As a professor who teaches mainly freshman students, I see every year many students struggle with mental illness as they leave home for the first time and face new pressures they could not have anticipated. One of my goals as a professor is to talk about mental illness in an open fashion in order to encourage any students needing it to seek out our college’s mental health services. I am particularly worried about male students because men seem to face the most pressure to avoid seeking this help. Look Straight Ahead is an important work for many of my students because it’s about a male teenager under a lot of stress dealing with the onset of bipolar. And for many people suffering with bipolar, the onset of the disorder manifests itself in the first few years of college. So far, Marbles has been the book I’ve had to offer them in addition to An Unquiet Mind. I’m greatly pleased that I can add Look Straight Ahead to that list.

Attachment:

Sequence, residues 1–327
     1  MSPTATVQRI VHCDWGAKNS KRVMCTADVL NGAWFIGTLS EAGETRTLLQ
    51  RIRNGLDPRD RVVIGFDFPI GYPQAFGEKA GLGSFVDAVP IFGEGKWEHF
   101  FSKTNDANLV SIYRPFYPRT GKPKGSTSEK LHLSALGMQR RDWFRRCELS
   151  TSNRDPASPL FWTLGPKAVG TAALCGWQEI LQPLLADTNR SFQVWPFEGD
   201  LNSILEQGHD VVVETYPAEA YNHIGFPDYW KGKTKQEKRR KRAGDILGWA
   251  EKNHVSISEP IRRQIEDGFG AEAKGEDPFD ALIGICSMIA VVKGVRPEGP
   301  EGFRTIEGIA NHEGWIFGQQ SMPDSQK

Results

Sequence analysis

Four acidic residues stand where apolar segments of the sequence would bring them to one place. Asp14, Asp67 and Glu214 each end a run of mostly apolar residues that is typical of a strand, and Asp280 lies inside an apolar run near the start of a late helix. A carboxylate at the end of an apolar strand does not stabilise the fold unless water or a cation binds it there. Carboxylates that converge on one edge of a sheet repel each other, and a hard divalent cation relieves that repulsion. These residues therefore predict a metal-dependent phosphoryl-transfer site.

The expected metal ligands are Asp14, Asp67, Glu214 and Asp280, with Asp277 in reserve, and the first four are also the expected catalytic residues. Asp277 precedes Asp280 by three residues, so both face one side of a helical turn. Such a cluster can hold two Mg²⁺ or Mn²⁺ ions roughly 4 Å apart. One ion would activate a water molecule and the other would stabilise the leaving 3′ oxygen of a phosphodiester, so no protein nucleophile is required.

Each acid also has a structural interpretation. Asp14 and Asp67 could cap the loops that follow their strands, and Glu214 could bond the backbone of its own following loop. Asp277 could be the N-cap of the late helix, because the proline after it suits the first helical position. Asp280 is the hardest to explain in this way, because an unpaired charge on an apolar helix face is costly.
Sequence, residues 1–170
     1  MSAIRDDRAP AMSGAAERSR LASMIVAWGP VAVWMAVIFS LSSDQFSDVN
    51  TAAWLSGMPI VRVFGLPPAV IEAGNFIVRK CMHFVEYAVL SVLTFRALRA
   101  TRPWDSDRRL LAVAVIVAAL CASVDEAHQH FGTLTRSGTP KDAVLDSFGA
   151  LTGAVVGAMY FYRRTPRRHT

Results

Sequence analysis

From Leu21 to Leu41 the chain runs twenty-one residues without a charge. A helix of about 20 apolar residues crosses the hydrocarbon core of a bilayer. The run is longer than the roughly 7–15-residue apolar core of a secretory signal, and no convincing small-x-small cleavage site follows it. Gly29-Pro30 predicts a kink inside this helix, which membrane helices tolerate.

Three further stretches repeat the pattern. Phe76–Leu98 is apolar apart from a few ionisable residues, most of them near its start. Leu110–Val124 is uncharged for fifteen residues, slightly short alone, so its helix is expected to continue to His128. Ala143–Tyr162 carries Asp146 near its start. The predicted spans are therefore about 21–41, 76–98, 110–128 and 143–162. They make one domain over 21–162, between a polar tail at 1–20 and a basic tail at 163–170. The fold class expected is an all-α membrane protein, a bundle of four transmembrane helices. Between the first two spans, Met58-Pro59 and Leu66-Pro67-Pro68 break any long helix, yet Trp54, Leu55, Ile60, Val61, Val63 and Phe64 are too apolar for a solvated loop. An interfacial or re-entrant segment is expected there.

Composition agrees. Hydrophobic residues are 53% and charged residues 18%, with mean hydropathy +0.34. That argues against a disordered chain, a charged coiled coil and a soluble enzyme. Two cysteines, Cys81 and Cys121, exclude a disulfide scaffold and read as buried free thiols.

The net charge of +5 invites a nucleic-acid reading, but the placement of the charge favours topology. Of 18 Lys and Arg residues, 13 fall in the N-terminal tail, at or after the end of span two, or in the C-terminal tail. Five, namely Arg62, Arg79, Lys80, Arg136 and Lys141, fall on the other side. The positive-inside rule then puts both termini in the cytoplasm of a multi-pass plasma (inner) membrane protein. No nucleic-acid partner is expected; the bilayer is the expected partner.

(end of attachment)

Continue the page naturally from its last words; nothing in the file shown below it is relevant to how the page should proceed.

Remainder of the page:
To end my double-layered review, I cannot praise enough Look Straight Ahead as a work of art. If you love coming-of-age stories as much as I do, you will want to read it. And if you are interested in mental illness, particularly bipolar, then Look Straight Ahead is a must-read.
*I should note that the author/artist never mentions that Jeremy has bipolar, so perhaps she has a particular type of psychosis in mind. However, in addition to Jeremy’s symptoms, the fact that Will goes out of her way to draw a particularly clear and detailed image of the cover of An Unquiet Mind — a cover many people will instantly recognize — suggests that she has bipolar I in mind. The fact that she does not mention bipolar, however, suggests to me that she wanted this book described in terms of mental illness in general so that it would not limit her potential audience. A great work of fiction like this one, however, should appeal to any lover of great art, even if they have no interest in mental illness.